The Nissan DeltaWing definitely did not win last weekend’s 24 Hours of Le Mans.
In fact, it didn’t even finish — it was struck by another racer at about the six-hour mark, which forced its retirement.
Even if it would’ve managed to go the furthest at the 24-hour mark, it still wouldn’t have been declared the winner. That’s because the sanctioning body of the race only granted the Delta
Wing team the last starting spot on the grid (No. 56) — a spot traditionally reserved for a car that is not allowed to race for points, but has the intent to advance motorsports technology in some meaningful way.
So DeltaWing couldn’t win and it didn’t win, but it easily had the most people pulling for it, and was the biggest story of the race.
Why? Several reasons actually, and let’s start with its looks.
This is definitely a case of one thing that doesn’t look like the others. DeltaWing looks like a rocket laid sideways — small front, big rear. Most race cars look like they’re ready to eat corners. The DeltaWing looks like it would rather not turn, thank you. So it’s got some visual drama going for it, even though it seems incongruous with racing, or in fact, because of it.
It looks the way it does because of its unique mission — to complete the famous endurance race using half the fuel and half the tire material of an LMP1 class Le Mans racer. DeltaWing’s engineers believe this is possible because they’ve designed the car to have half the aerodynamic drag and half the weight of a current LMP1 or LMP2 racer (1,000 lbs versus 2,000 lbs). This means DeltaWing can do its racing thing with a smallish engine. For Le Mans duty it was fitted with a 1.6-litre, four-cylinder engine producing 300 horsepower. This year’s overall winner, the Audi V6 diesel “hybrid,” had over 500 hp on tap.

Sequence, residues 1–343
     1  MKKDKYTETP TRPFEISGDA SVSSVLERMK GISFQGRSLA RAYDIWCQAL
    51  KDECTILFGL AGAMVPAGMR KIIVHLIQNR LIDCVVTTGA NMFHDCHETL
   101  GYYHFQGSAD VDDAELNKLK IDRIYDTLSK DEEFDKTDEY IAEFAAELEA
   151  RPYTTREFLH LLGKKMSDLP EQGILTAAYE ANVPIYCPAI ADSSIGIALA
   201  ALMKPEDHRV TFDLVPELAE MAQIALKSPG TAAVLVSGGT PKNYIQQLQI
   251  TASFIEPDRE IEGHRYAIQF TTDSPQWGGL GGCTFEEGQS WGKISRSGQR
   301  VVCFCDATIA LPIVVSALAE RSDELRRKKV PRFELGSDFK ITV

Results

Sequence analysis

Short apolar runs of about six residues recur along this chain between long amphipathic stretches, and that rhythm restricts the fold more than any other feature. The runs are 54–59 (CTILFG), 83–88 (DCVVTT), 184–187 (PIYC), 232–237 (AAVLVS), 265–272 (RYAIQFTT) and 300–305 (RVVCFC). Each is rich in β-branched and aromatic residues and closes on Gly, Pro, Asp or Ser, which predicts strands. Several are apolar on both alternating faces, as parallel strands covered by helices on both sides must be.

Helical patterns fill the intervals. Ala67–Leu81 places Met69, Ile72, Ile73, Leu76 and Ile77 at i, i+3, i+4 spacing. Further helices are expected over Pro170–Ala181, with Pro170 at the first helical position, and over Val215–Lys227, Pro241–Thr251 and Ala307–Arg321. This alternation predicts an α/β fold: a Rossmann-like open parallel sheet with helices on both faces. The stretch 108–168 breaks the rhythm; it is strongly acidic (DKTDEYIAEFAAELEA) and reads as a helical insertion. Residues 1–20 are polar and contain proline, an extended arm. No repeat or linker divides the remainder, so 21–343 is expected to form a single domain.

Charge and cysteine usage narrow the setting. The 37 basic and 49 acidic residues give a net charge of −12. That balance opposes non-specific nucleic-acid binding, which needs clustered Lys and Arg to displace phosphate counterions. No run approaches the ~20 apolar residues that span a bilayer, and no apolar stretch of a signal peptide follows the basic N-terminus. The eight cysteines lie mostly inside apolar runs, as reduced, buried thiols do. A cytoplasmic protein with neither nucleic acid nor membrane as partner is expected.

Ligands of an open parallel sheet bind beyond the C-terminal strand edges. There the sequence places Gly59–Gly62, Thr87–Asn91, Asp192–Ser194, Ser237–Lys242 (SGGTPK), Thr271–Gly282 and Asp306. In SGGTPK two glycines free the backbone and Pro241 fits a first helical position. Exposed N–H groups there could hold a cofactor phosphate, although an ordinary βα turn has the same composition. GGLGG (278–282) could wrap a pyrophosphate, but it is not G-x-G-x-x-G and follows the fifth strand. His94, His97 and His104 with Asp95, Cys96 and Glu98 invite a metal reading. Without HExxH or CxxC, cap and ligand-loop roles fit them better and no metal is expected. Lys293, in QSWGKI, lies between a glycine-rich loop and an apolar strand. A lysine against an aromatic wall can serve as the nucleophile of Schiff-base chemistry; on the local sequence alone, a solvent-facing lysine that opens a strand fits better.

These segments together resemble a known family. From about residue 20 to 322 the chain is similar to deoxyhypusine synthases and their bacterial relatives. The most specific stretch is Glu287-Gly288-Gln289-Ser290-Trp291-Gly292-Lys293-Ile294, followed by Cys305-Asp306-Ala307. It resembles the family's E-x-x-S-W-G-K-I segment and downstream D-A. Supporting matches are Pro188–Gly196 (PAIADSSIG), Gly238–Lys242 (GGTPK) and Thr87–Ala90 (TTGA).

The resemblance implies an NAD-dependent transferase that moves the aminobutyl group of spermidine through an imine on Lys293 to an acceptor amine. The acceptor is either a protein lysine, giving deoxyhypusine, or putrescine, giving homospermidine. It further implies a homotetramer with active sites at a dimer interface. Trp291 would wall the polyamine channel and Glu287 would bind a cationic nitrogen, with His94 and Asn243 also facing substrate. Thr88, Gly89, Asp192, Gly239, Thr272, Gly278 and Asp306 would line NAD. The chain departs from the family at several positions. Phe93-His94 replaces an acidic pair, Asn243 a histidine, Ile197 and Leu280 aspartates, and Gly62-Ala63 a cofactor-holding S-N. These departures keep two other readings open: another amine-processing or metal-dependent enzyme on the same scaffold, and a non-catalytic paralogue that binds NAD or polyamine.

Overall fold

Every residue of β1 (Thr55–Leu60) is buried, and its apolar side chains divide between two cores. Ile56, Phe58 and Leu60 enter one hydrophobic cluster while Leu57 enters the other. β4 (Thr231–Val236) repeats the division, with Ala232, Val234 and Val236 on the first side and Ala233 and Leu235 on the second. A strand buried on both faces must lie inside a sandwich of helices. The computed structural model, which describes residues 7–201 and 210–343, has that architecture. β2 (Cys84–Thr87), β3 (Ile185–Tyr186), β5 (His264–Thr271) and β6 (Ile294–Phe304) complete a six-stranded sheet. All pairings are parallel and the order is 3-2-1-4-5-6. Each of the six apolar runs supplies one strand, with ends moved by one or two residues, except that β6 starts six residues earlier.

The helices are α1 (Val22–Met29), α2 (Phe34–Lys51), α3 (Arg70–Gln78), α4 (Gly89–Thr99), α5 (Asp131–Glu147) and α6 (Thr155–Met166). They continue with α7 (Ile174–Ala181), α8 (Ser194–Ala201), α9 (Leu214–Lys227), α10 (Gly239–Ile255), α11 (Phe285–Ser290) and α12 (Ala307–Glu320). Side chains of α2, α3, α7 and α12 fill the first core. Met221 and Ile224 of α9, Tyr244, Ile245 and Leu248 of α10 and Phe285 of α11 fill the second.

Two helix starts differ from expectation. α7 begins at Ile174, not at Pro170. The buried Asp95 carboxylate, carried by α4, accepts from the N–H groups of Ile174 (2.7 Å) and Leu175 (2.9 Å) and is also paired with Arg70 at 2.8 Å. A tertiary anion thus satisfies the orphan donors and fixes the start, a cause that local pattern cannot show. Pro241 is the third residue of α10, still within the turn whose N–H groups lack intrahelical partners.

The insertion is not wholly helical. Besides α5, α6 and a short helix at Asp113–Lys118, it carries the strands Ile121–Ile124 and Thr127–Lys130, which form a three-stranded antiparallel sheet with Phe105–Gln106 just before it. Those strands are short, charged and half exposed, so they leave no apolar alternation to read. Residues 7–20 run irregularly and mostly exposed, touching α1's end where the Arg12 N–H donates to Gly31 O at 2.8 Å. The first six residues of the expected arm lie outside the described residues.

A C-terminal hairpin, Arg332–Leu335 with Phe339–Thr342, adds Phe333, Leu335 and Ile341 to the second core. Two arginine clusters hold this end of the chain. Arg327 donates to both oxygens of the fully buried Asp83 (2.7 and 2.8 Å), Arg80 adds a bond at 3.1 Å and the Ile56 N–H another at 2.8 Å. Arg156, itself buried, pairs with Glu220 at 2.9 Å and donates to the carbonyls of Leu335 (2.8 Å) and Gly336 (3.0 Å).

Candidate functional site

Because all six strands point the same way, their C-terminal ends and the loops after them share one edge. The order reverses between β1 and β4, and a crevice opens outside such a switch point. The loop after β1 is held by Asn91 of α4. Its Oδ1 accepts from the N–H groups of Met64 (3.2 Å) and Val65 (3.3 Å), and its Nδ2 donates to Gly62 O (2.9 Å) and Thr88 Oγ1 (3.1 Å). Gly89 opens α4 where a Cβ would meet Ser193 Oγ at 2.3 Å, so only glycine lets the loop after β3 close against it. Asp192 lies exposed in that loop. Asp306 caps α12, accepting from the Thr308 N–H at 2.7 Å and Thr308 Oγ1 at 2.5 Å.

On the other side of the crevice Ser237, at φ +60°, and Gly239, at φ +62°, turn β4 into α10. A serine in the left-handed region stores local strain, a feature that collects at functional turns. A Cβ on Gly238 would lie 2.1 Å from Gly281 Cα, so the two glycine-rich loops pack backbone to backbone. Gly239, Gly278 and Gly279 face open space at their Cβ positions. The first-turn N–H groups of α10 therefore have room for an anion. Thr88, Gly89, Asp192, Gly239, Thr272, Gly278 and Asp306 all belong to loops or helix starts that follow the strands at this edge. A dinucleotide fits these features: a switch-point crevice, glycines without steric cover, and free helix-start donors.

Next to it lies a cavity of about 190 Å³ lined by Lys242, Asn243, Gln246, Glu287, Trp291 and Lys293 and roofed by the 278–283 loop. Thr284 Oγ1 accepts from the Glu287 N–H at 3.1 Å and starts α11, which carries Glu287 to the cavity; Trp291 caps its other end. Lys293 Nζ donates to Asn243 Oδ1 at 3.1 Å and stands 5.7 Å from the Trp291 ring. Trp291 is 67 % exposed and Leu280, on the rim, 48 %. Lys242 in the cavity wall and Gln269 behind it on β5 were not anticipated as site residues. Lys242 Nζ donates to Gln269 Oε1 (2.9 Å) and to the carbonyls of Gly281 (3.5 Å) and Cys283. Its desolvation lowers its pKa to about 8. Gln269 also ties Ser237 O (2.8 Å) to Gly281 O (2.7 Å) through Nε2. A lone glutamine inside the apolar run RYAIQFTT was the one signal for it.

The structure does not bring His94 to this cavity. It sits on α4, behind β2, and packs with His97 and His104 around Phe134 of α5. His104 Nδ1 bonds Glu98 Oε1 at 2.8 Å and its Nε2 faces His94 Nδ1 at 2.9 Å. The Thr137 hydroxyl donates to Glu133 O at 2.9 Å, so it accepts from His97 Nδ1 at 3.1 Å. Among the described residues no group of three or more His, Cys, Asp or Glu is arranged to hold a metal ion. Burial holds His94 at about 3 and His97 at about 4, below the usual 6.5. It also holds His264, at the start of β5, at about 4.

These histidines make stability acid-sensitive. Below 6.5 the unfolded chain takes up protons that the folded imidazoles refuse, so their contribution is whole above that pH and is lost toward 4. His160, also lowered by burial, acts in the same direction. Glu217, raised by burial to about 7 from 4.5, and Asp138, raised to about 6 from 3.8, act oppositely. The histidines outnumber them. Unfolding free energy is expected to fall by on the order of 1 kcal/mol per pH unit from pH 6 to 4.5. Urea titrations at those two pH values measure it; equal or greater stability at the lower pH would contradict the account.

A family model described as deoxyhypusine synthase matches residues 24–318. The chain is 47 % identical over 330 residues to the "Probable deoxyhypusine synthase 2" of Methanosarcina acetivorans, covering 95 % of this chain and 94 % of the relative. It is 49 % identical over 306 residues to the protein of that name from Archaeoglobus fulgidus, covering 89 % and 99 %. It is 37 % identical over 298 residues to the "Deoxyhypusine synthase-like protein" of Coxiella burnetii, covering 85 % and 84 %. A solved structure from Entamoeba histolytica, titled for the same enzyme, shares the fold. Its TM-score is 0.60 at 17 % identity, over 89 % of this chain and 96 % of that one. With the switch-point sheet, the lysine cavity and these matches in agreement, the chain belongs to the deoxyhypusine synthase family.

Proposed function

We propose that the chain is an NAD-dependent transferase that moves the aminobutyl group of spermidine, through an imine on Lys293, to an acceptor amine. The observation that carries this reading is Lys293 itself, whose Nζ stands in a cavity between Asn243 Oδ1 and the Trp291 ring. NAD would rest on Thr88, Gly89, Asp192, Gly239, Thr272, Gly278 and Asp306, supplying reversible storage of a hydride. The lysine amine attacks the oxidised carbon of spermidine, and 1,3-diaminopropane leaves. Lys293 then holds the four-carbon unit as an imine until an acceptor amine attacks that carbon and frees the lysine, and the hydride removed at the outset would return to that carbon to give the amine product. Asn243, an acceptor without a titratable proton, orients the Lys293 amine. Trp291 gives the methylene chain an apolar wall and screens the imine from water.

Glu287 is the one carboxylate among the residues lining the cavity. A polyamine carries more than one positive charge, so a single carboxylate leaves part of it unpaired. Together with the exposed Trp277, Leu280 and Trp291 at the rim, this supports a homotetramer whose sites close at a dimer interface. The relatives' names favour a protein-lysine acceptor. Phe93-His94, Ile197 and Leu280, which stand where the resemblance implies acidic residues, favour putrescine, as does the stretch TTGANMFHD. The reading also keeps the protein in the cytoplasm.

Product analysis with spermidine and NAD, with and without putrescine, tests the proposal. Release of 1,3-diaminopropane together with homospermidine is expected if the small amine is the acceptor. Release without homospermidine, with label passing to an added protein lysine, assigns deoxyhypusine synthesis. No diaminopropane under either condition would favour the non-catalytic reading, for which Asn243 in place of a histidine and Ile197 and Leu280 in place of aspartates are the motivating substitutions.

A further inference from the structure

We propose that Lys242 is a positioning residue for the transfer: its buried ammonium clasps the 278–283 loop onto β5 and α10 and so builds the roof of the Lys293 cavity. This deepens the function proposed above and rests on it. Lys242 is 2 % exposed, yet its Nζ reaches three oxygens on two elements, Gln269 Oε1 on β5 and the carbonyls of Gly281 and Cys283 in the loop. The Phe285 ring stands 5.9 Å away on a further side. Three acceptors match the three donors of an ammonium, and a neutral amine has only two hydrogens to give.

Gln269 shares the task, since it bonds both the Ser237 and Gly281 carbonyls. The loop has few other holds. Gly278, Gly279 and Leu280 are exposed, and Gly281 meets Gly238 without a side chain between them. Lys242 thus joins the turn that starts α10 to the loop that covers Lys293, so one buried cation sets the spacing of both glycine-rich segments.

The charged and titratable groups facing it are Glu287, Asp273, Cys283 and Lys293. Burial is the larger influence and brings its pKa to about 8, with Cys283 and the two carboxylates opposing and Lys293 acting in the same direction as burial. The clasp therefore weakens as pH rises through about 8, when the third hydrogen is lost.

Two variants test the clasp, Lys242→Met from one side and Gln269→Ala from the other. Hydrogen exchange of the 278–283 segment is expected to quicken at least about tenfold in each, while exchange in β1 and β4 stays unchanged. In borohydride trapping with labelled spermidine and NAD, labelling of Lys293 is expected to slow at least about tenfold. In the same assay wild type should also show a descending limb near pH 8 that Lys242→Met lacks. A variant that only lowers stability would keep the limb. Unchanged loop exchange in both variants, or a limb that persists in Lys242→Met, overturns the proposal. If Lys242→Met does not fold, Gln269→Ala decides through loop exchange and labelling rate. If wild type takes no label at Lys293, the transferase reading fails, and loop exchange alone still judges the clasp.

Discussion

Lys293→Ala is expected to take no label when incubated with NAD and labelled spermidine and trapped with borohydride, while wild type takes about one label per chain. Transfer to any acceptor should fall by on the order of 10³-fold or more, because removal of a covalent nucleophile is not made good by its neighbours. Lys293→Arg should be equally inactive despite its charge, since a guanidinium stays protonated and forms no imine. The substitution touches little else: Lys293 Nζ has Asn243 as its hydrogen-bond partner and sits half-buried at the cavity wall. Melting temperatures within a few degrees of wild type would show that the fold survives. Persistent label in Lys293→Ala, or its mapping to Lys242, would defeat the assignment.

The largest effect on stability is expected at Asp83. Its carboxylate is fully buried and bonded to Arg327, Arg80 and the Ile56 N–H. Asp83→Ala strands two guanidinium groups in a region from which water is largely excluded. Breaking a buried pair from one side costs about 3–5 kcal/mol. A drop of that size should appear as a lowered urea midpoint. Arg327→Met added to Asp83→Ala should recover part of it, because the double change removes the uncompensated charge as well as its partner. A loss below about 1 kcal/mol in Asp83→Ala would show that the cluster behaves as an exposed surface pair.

During its best stint, DeltaWing was running a strong LMP2 pace and its fuel usage was on course to be half that of cars in the LMP1 class. So if you like rooting for an underdog, and a lot of people do, then the DeltaWing was your man.
But at the six-hour mark DeltaWing got clipped by another competitor and was forced into a concrete wall. Driver Satoshi Motoyama’s post-crash actions were not typical fare. For example, he did not wave an angry finger to the driver that hit him, nor did he follow him to the paddock with the intent of punching him out, NASCAR style. Instead, he tried valiantly to repair the car roadside, as per the rules, so it could limp to the pits, where the team was allowed to help.
Now, everybody was roo-ting for Motoyama.
He struggled tirelessly for 90 minutes, with massive support from his team, who joined him to give instructions from trackside. In the end, however, it was just too damaged to move.
“Initially, we were completely gutted, but that feeling quickly gave way to huge sense of pride in what we have achieved,” noted Darren Cox, general manager of Nissan in Europe, in a post-race press release.
Like we said earlier, it didn’t win the race, but everyone involved, or rooting for it, felt something had been won.